What is in this article?:
- Texas rice industry well represented in Cuba this week
- New markets possible
- A large contingent of agricultural representatives from Texas is among those attending the week-long Cuban fair, including members of Alliance Texas-Cuba for Trade.
- None of the stated outcomes or goals of the embargo have come to pass and says engagement with Cuba is a much more effective tool than an economic embargo.
- Lifting the embargo would open the door for Texas farmers to a potential $57 million in food and agricultural exports that could result in 1,500 new jobs.
New markets possible
Speaking to reporters in Havana, the deputy minister of the Cuban Ministry of Foreign Trade and Investment, Orlando Hernandez Guillen, said that FIHAV is an excellent opportunity to find new markets and clients for the development of the Cuban economy. Hernandez Guillen said business representatives, commercial partners, presidents and executives of Chambers of Commerce, and official delegations from more than 55 countries were present in the meeting last year and “expectations are higher this year.”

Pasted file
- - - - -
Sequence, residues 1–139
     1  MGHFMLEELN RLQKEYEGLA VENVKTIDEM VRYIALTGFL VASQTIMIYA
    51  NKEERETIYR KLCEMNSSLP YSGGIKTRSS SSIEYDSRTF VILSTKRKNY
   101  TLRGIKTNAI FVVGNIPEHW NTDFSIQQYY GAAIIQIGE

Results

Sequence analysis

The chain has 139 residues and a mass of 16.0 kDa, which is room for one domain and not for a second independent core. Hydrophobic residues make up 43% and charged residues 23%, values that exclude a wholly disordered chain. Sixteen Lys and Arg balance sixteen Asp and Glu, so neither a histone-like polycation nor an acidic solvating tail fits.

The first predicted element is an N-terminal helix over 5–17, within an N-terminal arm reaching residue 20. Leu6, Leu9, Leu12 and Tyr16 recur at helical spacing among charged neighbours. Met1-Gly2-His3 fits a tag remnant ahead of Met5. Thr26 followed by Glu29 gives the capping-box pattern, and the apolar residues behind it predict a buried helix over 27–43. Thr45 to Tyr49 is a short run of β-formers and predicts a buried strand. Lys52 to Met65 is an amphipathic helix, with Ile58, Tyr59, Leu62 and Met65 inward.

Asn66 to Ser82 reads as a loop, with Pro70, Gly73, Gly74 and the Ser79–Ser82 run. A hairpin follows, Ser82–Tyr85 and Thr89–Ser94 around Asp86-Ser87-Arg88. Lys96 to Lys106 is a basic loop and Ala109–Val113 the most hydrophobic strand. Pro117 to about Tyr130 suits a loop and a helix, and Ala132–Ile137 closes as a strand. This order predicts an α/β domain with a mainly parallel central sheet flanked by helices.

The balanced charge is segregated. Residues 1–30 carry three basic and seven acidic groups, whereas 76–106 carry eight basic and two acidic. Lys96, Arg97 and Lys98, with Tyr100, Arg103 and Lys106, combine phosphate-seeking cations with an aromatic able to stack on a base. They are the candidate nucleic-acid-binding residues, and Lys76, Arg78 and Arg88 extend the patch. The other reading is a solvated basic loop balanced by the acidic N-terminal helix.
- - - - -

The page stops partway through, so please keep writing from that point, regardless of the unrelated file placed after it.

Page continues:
Stoesser said last week that USRPA attended a conference hosted by the Cuban Interests Section on the effects of the U.S. Embargo for Cuba. Included in that conference were various officials from the Ministry of Foreign Relations of Cuba, Foreign Trade and Investments, Tourism, Public Health, Alimport and Havanatur. Jorge Bolaños, Chief of Mission at the Cuban Interests Section in Washington D.C., introduced the U.S. panel, which included Stoesser and U.S. representatives from the travel, trade, agricultural, and educational sectors.
USRPA has consistently highlighted the need to lift U.S. restrictions on trade with Cuba.
Betsy Ward of the USA Rice Federation says Cuba is a vital trade partner.
“U.S. rice sales mean high quality, low cost rice for Cubans, and lifting sanctions from our farmers and exporters will create jobs in the United States. In fact, the U.S. International Trade Commission estimates that lifting these unnecessary payment restrictions through third-party nations could increase U.S. rice exports to the island by $43 million per year,” she says.
The 39th Havana International Trade Fair, FIHAV 2011, is expected to entertain 3,000 exhibitors from 1,500 companies from 60-plus countries around the world.
Roberts says despite the island´s economic and financial problems, this year’s fair is considered the most important one of the last 10 years, due to the large number of exhibitors and the 14,000-square-meter exhibition area, 1,500 square meters more than the 2010 edition.
According to Abraham Maciquez, president of the organizing committee, the most represented countries this year are Spain, which almost doubled its participation compared with FIHAV 2010, and China, Italy and Panama.